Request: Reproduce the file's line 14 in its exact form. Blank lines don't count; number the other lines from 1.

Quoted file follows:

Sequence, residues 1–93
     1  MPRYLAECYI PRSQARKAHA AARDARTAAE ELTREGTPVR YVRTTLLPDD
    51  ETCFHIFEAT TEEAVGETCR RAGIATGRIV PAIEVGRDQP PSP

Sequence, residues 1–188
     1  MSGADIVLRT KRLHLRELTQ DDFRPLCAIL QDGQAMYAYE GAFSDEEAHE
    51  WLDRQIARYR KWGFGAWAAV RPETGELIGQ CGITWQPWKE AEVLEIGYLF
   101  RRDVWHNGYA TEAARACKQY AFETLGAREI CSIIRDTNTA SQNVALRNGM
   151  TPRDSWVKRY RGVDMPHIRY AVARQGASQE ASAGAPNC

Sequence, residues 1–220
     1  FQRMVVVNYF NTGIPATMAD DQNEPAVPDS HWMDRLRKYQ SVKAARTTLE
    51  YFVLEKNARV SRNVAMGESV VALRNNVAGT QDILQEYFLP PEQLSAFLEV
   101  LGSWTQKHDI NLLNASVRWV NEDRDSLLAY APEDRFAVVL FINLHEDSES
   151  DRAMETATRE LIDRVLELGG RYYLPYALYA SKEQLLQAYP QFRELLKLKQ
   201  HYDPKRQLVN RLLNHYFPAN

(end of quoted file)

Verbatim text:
   201  HYDPKRQLVN RLLNHYFPAN